Happy shooting!

How do I put a watermark on my photos?

I get asked this a lot by students so here is a post to provide the answer – it works in Photoshop or Elements (and the print and export modules of Lightroom have a custom function to add one also).

Watermarking your images is not a foolproof way to stop people using them without your permission. Some will ignore it and use it anyway. Others will spend a few minutes in Photoshop and remove it – with basic cloning skills it is usually not hard to do.

What watermarking your pictures does do is put off some who would steal your images and just emphasizes that it is against your wishes.

More effective is converting the image to 72ppi and reducing the size to say 1000 pixels on the longest side before uploading them. This makes the image unusable in any printed form. It will still display perfectly on a screen as these work at 72ppi – but printing will be useless. If you are using Flickr to display your images you can also switch off the ‘all sizes’ option in your account preferences which will make it much harder for people to steal your photos.

Anyway, on with the tutorial. There are two ways of doing this – by creating an Action or by making a Copyright brush. I tend to use the brush method.

1. In Photoshop create a new blank document. (click file, new). This should put a blank white page in front of you.

2. Next create a new blank layer

3. Select the Type tool to type your text – in my case I would then select a font and font size and type – Copyright 2010 © Doug Chinnery – (you can hold down the Alt key and type 0169 on the number keypad and this will inset the copyright symbol automatically)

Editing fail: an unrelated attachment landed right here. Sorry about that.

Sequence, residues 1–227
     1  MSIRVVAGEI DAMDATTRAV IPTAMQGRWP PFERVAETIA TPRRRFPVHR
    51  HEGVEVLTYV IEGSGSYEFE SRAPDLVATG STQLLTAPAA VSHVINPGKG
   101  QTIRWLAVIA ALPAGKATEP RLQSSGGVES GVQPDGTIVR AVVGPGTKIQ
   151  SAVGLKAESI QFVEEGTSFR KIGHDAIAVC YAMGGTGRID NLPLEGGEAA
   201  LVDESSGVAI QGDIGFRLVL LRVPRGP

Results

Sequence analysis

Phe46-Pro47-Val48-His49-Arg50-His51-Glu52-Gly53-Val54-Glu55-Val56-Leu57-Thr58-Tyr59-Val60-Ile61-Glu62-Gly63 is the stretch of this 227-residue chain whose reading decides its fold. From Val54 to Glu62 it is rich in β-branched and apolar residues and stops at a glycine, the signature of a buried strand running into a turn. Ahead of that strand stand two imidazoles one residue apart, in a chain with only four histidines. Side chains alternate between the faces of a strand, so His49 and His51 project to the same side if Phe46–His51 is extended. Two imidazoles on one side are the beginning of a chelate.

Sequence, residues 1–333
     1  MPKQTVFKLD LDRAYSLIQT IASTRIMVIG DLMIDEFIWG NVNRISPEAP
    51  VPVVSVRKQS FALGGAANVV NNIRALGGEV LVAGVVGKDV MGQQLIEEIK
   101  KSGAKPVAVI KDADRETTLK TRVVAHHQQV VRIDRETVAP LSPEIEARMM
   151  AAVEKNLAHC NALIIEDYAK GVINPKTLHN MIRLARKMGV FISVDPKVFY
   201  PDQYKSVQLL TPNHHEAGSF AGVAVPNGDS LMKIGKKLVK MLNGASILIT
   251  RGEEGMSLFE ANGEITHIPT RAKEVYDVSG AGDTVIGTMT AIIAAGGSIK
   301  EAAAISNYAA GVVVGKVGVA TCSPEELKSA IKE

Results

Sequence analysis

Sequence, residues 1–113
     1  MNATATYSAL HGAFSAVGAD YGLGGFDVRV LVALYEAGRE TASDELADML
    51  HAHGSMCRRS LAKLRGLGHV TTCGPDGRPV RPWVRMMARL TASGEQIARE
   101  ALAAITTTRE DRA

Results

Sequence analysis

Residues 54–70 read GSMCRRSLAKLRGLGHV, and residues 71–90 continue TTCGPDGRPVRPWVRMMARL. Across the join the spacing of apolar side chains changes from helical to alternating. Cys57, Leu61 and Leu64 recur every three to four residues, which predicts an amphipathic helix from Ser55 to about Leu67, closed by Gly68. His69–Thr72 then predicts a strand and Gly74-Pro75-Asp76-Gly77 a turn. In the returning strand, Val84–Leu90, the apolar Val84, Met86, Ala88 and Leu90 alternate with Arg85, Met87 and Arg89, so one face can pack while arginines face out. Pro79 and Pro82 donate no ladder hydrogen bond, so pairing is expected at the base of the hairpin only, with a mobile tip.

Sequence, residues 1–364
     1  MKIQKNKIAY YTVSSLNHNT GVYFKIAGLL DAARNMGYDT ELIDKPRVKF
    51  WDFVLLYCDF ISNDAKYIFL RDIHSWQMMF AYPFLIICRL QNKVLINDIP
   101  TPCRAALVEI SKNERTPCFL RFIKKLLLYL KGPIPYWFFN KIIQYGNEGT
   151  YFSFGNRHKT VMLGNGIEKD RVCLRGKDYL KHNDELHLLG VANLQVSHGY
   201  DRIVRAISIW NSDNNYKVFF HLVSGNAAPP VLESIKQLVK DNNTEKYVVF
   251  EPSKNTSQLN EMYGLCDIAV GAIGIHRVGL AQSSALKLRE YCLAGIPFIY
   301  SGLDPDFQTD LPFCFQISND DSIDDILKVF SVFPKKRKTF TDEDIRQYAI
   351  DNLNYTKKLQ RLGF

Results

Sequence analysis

4. When you are happy with it select the Rectangular Marquee tool by pressing the M key and drag a rectangle around your line of text.

5. Then go into the Edit menu and select ‘define brush preset’. When the dialog box opens give your brush a name (not a name like ‘Dave’ or ‘Debbie’ but call it Copyright Brush for example.) Then click OK.

6. Now in your brush presets drop down box you will find your copyright brush at the bottom of the grid. It will looked all squashed up but don’t worry, it will display correctly when you use it.

7. To use it, open a photo you want to copyright and add a new blank layer to it.

8. Select either white or black as your foreground colour – press D to set black and white as the foreground and background colours then press the X key to swap them if necessary. I use white mostly unless the image is very bright so white won’t stand out, then I use black.

9. Press B to get the brush tool selected and up on the options bar drop down the brush toolbox and click on your copyright tool brush at the very end of the set.

10. Use the [ or ] keys to make the brush bigger or smaller

11. Click on your image where you want the copyright info to be.

12. The in the layers palette on the blank layer with your copyright brush info use the opacity slider to adjust how the strong the brush is – you can really fade it out so it isn’t distracting or have it more prominent if you prefer.

13. When you are happy, flatten the image.

14. Remember to save the file with a different name so it doesn’t overwrite your master file – otherwise your original file will have your copyright info plastered across it – not good if you want to print it and hand it on your wall!!